Thumb-nail Review of “Orfeo” by Richard Powers

by danielgoode

It’s about us! Well, us, meaning us male composers of a certain vintage and background. Some of “us” may actually be in the Richard Powers 2014 novel, “Orfeo,” disguised of course. The Champagne-Urbana music faculty of around 1960-something is named with their real names. The teacher and acidic mentor of the now 70 year-old fictional composer-hero, Peter Els who in his youth went to the University of Illinois, might have been Sal Martirano. Or, not. My mentor, later of UCSD where I met him, Gaburo, is named. So is Tenney. The fictional composer is also a clarinetist. There’s an alto who…. It’s a novel about music, composition, performance and ideas, woven together in a manner both gripping and moving. I found it a page-turner. But then again, I’m one of the “us.” There are no women composers in the novel.

Descriptions of actual campus events of those times: a Cage Music Circus, and his HPSCHD are riveting—from the characters’ ears and eyes, but also by someone who had really been there. The author calls Cage “the Imp Saint.” Powers’s language chosen for these absorbing descriptions of both real and imagined music is worth studying: he manages to weave “technical terms” we know from music theory into overlapping poetics. There’s redundancy so if you don’t know the music terms, you’ve got plenty of other language to hold onto. The two together work synergistically in an admirable way: music critics take note! And writers on the arts: how he creates both musical and plot momentum during many pages devoted to a single piece. What about style and history? Well disguised. Peter, the fictional composer, starts as an interesting eccentric, and eclectic. Minimalism comes on the scene in the middle of his career. It’s really the only style mentioned by name. It makes its case, has an influence… Opera enters his life… A manic theater director. Success…failure.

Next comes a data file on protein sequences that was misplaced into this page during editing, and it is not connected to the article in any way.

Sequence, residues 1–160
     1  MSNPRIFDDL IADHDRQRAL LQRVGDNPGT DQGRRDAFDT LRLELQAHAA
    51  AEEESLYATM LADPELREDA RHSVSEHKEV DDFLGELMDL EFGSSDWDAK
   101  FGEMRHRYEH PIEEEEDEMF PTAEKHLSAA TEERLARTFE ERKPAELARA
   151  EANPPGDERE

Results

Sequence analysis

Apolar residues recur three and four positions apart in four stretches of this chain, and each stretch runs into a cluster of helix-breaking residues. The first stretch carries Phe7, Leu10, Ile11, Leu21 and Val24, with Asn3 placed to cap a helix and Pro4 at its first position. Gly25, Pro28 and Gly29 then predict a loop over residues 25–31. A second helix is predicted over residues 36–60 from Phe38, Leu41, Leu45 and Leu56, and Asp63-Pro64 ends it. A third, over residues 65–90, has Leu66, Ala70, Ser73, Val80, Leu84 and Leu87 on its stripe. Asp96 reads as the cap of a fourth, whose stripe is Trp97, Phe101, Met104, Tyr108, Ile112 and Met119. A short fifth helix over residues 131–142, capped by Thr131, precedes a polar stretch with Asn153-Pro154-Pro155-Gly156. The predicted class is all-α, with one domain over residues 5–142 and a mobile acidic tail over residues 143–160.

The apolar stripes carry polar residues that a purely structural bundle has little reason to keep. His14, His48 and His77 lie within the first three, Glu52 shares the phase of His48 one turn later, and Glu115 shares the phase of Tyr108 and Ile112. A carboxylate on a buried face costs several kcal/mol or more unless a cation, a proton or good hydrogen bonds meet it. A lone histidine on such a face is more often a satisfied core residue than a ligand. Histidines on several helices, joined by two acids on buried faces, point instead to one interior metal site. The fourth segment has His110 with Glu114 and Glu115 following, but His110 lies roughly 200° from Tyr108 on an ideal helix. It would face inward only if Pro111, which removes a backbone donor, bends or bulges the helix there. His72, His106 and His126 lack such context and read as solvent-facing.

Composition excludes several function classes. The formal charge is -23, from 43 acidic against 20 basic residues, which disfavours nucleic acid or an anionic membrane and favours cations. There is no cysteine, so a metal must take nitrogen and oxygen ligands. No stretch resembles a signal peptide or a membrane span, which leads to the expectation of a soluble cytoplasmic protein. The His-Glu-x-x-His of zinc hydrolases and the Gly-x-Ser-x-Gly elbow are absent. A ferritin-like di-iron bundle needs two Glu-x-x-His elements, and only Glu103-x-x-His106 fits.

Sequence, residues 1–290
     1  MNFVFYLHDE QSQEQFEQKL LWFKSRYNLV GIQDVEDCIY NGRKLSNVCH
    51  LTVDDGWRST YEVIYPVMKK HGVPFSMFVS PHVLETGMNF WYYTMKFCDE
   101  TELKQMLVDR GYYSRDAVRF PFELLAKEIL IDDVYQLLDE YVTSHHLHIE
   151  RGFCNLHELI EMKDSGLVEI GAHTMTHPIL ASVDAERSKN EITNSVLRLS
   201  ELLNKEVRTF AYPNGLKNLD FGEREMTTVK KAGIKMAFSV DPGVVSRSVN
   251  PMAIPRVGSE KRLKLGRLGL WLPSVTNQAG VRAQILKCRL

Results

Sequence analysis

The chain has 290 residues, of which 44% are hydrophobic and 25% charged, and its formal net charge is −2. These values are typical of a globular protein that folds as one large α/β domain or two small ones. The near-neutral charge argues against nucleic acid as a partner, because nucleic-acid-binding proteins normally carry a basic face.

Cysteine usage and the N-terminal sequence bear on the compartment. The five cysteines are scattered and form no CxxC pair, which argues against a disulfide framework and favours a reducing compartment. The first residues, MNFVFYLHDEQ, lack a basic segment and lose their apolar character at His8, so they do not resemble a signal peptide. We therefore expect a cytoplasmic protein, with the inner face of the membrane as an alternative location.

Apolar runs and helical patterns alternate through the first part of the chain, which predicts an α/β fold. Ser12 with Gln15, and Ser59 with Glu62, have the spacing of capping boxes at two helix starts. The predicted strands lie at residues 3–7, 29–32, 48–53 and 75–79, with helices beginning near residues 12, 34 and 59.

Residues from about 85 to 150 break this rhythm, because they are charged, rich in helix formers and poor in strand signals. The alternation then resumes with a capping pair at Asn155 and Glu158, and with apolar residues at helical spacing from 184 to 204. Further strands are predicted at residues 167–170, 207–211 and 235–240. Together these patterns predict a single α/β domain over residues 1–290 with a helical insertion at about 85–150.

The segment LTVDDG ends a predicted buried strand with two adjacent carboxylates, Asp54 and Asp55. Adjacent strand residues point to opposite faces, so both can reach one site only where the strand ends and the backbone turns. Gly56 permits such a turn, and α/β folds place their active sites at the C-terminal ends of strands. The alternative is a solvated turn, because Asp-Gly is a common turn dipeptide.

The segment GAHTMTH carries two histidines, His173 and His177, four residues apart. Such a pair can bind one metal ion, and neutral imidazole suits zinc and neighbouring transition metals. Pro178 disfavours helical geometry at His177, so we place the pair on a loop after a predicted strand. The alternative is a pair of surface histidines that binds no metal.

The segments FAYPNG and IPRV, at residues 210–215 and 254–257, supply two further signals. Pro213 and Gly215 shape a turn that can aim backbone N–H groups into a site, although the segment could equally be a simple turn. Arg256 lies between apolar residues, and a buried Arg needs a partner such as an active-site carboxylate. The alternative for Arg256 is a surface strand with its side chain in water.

Harry Partch’s hobo experiences and music form a parallel track to the fictional composer-hero’s last adventure of the novel. He also owns some “cloud chambers” like Partch’s instrument. There’s a futuristic turn to a kind of composing with DNA. The theme of a sometimes tormented composer is a flash on Adrian Leverkuhn, the composer in Thomas Mann’s novel. Each, something of a solipsist. Each involved in a spiritual search, but quite an imperfect one.

Novels about composers have got to be within number of fingers on one hand. There’s “Jean-Christoph by Romain Rolland which I’ve never read. There’s Mann’s “Dr. Faustus” (re: Schoenberg, serialism and the devil), and there’s Herman Hesse’s “The Glass Bead Game” (which has music as moves in a multi-dimensional board game of the elite). That’s probably it for classical music. Proust, and ETA Hoffmann wrote about music in fiction. If we move to film, there are, of course, the entertaining composer films of Ken Russell. Composer-novels may be a strange genre. But not to me. It feels quite natural…of course.

(I did find it a little spooky that such a good novelist seems to know our world from the inside. Was he “spying” on us? Or was he one of us, once, not so long ago?)

Thumb-nail Review #37

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